• ensuring that hazardous chemicals are correctly classified and labelled;
  • ensuring that (material) safety data sheets ((m)SDS) containing accurate information about the hazards (relating to both health hazards and physicochemical (physical) hazards) of the chemical are prepared; and
  • managing risks arising from storing, handling and using a hazardous chemical.

Your work health and safety regulator should be contacted for information on the work health and safety laws in your jurisdiction.

Information on how to prepare an (m)SDS and how to label containers of hazardous chemicals are provided in relevant codes of practice such as the Preparation of safety data sheets for hazardous chemicals— Code of practice and Labelling of workplace hazardous chemicals—Code of practice, respectively. These codes of practice are available from the Safe Work Australia website.

A review of the physical hazards of the chemical has not been undertaken as part of this assessment.

References

Boyapati A, Tam M, Tate B, Lee A, Palmer A, and Nixon R 2013. Allergic contact dermatitis to methylisothiazolinone: exposure from baby wipes causing hand dermatitis. Australasian Journal of Dermatology 54, pp. 264–267

Burnett C, Bergfeld W, Belsito D, Klaassen C, Marks J, Shank R, Slaga T, Snyder P, Andersen A 2010. Final report of the safety assessment of methylisothiazolinone. International Journal of Toxicology 29 (supplement 3) pp. 187s-213s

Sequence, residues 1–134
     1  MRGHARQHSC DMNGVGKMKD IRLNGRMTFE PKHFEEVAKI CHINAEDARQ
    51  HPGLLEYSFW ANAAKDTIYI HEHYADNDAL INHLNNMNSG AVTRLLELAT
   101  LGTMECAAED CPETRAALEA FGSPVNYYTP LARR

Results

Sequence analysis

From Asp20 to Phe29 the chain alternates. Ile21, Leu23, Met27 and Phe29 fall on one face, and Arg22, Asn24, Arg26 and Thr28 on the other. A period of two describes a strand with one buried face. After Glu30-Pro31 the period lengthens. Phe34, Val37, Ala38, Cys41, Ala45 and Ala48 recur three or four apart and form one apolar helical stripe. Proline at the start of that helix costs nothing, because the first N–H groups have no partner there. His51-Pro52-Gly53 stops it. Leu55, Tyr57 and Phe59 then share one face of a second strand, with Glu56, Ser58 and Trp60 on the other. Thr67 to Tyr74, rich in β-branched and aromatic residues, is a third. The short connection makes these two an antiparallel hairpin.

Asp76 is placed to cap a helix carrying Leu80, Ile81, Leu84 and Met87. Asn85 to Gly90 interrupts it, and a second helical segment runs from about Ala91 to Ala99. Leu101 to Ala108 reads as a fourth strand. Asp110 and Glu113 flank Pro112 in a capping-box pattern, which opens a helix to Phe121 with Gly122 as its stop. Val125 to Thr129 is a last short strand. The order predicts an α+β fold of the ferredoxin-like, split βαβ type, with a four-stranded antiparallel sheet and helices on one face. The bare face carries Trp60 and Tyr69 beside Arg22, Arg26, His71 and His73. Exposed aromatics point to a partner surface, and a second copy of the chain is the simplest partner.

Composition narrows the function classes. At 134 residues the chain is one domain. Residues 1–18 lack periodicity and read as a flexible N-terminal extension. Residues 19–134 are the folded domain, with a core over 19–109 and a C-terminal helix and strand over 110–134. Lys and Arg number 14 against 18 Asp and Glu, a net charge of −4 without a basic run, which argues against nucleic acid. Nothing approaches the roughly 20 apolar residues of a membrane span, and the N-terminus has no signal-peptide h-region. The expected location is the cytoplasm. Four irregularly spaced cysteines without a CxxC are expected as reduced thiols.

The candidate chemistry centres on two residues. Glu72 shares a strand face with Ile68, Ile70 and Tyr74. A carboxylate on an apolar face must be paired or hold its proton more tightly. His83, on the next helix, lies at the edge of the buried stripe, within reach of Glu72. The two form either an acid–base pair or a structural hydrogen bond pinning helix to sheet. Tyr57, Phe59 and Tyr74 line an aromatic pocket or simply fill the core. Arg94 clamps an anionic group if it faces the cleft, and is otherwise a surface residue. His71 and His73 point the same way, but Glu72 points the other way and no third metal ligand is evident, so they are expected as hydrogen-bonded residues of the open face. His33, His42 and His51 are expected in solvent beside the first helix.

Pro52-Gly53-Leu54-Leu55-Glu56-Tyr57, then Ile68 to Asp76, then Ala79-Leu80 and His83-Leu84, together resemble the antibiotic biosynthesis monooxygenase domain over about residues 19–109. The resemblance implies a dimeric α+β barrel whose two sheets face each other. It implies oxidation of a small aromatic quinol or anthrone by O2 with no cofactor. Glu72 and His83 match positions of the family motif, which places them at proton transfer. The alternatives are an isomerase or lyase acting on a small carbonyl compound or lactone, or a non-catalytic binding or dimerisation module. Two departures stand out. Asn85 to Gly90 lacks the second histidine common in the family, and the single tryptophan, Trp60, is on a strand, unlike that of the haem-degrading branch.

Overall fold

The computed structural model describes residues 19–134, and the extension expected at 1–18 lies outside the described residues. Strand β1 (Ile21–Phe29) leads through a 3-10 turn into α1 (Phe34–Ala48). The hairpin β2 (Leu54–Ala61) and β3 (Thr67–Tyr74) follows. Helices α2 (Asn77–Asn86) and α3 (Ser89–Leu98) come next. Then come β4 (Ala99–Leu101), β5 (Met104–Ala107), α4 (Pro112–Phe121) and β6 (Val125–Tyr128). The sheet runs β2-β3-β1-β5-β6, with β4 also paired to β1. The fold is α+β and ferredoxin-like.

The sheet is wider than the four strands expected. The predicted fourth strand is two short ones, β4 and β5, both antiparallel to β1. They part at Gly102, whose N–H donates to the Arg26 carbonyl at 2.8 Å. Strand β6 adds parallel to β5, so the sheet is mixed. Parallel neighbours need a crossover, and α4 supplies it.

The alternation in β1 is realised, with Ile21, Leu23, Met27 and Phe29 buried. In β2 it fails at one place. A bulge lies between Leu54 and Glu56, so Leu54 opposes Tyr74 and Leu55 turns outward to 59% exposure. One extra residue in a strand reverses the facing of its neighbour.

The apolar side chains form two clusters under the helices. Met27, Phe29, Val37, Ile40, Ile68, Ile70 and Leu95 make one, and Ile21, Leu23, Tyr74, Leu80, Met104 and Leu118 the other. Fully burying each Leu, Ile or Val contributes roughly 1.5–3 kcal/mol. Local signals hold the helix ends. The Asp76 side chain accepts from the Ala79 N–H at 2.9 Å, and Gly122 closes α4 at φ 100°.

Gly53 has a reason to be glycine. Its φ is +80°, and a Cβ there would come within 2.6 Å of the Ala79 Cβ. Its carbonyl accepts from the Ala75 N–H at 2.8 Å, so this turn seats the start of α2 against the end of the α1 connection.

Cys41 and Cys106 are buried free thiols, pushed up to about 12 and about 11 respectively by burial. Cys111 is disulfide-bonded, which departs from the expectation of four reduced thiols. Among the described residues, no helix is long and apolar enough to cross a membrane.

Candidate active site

Cahill J, Toholka R, Nixon R 2014. Methylisothiazolinone in baby wipes: a rising star among causes of contact dermatitis. Medical Journal of Australia 4 pp. 208

Cosmetic Ingredient Review (CIR) 2010. Final report of the safety assessment of methylisothiazolinone. International Journal of Toxicology 29 (suppl. 3) pp. 187S-213S

Gameiro A, Coutinho I, Ramos L, and Goncalo M 2014. Methylisothiazolinone: second ‘epidemic’ of isothiazolinone sensitization. Contact Dermatitis 70, pp. 238–260

Lammintausta K, Aalto-Korte K, Ackerman L, Alanko K, aivikki B, Hasan T, Kaminska R, Korhonen L, Laukkanen A, Liippol J, Pesonen M, Rantanen T, Riekki R, Suuronen K 2014. An epidemic of contact allergy to methylisothiazolinone in Finland. Contact Dermatitis 70 pp. 183–192